The Ethereum merge is the process of joining Ethereum’s existing layer (proof of work) with the new layer (proof of stake): the Beacon chain. The purpose of the merge is to improve Ethereum’s efficiency by reducing its power consumption by 99% and enabling the ETH ecosystem to scale further.
What are the new and old Ethereum layers?
Proof of Work (PoW)
The original layer of Ethereum is called Proof of Work (PoW). The system is the first method in crypto history used to validate blockchain transactions. PoW provided a way to confirm transactions on the blockchain without the involvement of any middlemen, such as financial institutions.
PoW is a process of adding new blocks to a cryptocurrency’s blockchain. The “work” in PoW is achieved by generating a hash (a long string of characters) that matches the target hash for the current block. Proof of Work has strong security but a heavy environmental impact due to the energy consumption.
Proof of Stake (PoS)
Proof of Stake (PoS) is a newer method of validating blockchain transactions. It is an alternative to Proof of Work that is far more energy efficient.
PoS allows owners of cryptocurrency to stake their crypto and create their own validator nodes. Staking is the process of ‘locking’ your cryptocurrencies, similar to a locked savings account with a bank. When a transaction is ready to be processed, the cryptocurrency’s proof-of-stake protocol will choose a validator node to review the transaction.
When will the Ethereum merge happen
The Ethereum merge has experienced several delays. It was originally set to launch in 2019 but was postponed for 2020. In 2020, it was postponed again for April 2021, only for it to be delayed yet again.
The ETH merge finally occurred on September 15, 2022.
Why was the merge delayed?
Over time the Ethereum team has faced many challenges. Making the merge come to life needed to be done as close to perfect as possible. This required the team to do a lot of revision on their coding and to fix any problems they faced.
The team also experienced conflict in 2021 which further affected the rollout of the merge.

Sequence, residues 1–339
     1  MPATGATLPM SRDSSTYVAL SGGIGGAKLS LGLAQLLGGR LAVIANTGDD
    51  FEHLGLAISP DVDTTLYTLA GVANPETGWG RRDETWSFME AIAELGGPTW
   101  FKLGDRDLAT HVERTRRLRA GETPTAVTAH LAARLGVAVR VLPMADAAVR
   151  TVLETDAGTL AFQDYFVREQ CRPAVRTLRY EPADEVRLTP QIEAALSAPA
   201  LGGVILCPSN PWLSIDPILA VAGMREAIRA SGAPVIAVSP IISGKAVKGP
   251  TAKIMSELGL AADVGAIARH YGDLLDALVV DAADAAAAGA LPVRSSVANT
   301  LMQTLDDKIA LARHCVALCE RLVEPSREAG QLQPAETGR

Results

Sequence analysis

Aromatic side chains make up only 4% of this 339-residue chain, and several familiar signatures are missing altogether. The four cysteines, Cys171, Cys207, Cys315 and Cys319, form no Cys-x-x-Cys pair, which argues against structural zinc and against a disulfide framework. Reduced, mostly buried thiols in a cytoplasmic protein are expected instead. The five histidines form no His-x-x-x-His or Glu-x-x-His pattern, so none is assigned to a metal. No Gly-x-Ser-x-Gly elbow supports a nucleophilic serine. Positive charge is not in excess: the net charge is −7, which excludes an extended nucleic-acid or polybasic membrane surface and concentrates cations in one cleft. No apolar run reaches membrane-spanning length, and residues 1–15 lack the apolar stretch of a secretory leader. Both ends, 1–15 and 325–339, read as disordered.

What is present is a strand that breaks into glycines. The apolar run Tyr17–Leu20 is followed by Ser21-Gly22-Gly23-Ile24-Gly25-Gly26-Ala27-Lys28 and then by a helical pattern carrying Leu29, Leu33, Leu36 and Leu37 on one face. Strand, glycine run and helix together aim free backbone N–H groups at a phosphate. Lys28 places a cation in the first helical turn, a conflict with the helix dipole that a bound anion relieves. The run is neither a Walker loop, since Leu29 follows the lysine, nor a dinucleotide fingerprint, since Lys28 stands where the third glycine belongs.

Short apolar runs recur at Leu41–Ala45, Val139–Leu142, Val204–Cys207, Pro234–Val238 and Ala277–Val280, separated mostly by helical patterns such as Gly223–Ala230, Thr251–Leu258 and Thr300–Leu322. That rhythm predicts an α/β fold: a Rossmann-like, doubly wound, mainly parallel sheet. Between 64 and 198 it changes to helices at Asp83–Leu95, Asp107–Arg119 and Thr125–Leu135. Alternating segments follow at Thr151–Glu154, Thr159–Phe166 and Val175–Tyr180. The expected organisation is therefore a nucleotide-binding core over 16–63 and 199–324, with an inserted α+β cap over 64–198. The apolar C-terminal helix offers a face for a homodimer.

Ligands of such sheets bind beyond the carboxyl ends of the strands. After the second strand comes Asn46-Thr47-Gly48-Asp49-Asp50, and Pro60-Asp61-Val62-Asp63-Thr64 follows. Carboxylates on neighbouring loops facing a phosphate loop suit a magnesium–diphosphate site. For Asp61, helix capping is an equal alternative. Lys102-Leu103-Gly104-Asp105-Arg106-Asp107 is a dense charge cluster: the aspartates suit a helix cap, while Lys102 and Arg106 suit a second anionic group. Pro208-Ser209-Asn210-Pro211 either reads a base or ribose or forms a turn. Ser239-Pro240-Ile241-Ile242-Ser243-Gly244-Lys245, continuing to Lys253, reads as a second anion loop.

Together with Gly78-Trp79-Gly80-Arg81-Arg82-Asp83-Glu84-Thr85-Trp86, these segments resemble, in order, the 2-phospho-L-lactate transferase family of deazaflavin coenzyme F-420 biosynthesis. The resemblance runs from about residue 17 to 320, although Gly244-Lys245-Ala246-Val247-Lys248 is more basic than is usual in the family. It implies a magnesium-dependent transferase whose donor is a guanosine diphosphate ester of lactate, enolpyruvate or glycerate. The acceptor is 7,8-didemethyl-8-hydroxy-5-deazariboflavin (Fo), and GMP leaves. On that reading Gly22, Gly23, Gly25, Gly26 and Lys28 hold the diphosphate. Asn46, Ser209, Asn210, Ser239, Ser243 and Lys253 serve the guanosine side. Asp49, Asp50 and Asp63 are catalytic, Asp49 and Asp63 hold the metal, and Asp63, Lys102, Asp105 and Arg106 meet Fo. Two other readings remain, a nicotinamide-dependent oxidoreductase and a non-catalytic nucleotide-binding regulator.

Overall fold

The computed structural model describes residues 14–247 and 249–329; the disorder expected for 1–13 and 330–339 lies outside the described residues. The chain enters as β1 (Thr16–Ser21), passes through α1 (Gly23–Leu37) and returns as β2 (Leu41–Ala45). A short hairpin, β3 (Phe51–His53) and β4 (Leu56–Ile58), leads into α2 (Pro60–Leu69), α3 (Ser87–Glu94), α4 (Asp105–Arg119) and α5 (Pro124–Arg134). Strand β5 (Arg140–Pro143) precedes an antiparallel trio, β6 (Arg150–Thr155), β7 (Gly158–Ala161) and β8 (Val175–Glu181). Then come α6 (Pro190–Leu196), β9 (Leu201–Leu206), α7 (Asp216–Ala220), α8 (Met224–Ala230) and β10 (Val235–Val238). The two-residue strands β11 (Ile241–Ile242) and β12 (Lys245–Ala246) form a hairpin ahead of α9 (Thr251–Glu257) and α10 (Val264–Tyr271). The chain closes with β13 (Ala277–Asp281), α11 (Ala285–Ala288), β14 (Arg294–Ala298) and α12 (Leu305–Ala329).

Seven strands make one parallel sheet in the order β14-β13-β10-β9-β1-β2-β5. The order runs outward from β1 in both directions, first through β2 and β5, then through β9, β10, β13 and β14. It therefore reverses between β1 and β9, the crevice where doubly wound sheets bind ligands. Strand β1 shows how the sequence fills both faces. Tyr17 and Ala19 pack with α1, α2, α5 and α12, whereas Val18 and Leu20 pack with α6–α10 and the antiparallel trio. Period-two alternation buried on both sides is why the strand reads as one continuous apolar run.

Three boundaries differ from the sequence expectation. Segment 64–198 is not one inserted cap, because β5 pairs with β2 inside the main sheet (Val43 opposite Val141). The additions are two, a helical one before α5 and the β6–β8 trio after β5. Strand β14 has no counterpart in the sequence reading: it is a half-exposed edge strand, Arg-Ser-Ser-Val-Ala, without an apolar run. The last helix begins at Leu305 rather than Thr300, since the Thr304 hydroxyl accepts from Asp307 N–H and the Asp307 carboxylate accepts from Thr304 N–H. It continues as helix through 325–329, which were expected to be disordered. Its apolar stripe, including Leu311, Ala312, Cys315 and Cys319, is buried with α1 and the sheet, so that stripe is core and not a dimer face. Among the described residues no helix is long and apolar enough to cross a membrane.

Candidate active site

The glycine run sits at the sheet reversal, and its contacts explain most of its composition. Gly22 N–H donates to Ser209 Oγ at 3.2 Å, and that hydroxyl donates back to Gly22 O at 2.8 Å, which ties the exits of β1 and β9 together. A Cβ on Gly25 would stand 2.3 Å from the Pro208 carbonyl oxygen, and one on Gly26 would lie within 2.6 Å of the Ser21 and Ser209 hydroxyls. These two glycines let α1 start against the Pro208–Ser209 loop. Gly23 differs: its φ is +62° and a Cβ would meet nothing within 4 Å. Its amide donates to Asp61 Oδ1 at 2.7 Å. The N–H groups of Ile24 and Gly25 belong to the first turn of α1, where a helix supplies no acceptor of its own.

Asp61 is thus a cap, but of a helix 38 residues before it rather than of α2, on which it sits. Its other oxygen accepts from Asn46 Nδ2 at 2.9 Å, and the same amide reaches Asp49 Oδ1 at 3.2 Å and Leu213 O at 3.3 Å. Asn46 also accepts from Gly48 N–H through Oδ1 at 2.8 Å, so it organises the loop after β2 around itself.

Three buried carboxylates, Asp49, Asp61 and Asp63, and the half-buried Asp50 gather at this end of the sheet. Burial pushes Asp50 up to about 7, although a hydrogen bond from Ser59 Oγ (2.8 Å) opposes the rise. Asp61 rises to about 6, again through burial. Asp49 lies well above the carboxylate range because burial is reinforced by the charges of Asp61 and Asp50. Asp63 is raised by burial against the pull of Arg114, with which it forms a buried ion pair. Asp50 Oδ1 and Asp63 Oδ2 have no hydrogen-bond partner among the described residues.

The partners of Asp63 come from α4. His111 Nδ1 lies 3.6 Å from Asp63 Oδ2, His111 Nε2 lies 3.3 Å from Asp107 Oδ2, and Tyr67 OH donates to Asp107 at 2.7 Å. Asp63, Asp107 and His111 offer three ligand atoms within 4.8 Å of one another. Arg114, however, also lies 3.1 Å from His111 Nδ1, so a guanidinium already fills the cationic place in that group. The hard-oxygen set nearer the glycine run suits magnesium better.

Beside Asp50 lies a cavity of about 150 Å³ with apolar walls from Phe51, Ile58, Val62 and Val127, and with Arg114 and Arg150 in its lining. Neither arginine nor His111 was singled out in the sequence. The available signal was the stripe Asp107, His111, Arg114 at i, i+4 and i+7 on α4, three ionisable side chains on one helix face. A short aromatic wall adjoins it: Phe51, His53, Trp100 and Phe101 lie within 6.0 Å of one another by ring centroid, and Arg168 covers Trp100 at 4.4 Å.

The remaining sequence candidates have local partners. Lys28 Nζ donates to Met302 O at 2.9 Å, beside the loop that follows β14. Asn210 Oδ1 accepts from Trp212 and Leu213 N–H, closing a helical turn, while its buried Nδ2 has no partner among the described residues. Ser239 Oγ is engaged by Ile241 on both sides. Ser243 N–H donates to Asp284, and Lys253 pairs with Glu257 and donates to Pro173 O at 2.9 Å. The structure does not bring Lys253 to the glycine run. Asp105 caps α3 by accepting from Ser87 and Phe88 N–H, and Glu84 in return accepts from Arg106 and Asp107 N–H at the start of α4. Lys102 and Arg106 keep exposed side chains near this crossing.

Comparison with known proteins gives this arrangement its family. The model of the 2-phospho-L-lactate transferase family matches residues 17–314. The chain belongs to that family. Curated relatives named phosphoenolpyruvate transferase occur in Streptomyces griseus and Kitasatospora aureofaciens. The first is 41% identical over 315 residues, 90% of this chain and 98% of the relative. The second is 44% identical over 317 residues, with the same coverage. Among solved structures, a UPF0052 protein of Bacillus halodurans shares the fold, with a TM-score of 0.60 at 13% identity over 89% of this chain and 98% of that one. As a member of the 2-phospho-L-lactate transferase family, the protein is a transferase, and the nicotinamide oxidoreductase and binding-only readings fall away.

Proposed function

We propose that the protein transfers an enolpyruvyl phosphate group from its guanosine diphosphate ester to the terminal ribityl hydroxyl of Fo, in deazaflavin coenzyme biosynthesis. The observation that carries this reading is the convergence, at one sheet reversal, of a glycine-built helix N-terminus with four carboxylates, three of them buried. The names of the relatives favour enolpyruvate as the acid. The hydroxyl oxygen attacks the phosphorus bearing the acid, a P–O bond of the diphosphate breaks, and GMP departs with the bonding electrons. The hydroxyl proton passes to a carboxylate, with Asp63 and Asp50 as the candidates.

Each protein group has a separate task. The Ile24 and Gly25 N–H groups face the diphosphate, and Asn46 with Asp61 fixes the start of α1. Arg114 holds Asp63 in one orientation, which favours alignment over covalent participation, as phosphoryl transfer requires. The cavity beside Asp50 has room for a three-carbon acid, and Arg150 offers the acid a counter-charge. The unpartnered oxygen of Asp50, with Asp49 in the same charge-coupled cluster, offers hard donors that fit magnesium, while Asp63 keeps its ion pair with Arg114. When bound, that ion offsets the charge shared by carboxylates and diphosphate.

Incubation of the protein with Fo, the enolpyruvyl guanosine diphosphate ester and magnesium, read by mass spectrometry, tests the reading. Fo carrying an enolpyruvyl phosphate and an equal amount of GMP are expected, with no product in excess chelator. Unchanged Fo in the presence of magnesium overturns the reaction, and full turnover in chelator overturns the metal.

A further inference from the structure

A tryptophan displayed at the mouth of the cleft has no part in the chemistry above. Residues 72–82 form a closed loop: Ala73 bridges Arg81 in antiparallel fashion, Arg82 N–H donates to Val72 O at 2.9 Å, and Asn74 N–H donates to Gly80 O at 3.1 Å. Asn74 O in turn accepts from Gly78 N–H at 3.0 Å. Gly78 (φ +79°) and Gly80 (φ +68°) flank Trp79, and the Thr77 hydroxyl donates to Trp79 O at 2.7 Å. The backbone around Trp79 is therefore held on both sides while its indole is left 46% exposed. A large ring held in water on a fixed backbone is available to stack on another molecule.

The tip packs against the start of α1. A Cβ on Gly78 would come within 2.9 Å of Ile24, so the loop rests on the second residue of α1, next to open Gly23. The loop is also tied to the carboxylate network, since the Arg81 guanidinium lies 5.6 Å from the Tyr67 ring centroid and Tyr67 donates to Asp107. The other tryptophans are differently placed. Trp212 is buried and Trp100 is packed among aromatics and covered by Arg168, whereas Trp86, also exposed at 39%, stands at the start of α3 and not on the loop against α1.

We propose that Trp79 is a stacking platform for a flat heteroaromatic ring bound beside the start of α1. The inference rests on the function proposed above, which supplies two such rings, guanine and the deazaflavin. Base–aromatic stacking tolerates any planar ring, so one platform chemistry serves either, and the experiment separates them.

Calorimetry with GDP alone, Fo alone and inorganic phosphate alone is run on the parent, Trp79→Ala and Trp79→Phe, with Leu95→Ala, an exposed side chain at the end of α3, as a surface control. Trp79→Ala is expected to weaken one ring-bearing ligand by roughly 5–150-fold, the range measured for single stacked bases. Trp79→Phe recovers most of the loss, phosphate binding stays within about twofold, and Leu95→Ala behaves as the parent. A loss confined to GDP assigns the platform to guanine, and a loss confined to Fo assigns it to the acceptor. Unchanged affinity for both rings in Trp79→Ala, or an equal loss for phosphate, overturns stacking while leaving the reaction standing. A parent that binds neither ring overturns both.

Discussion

Ethereum merge timeline
The merge was first announced by Ethereum founder, Vitalik Buterin, in 2016 and occurred over a span of almost 3 years from 2020. The merge was delayed a whopping number of 6 times!
This Twitter thread by Marty Bent shows updates of the merge since 2017.
Will the Ethereum merge reduce gas fees?
Unfortunately, the merge will not reduce gas fees (transaction fees). The Ethereum Foundation clarified this on their website.
“Gas fees are a product of network demand relative to the capacity of the network. The Merge deprecates the use of proof-of-work, transitioning to proof-of-stake for consensus, but does not significantly change any parameters that directly influence network capacity or throughput.”
In the long run, Ethereum does hope to lower transaction fees on their network. We can expect to see this in 2023.
How will the merge affect the ETH price?
Whether the merge will affect the price of Ethereum is unknown. Though many hope for the ETH price to skyrocket.
It is possible that the merge will lower eth token supply, causing a price increase. However, this is not guaranteed.
Ethereum merge FAQs and misconceptions
Will the merge make Ethereum faster to use?
Not much. The difference between transactions on the PoW system and PoS is ~1 second.
Will I need to upgrade my Ethereum account after the merge?
No, your Ethereum account and any Ethereum assets do not need to be upgraded.
Will I be able to unstake my ETH tokens after the merge?
No, you will not be able to unstake your ETH after the merge. You will have to wait until withdrawals are implemented in the next phase of the network upgrade.
Will I get an ETH2 airdrop after the merge?
No, there will be no airdrop of ETH2 tokens. Anybody claiming to be giving you an airdrop is a scammer.
Will the merge affect Ethereum Classic?
It is unclear what the effect of the merge will be on Ethereum Classic.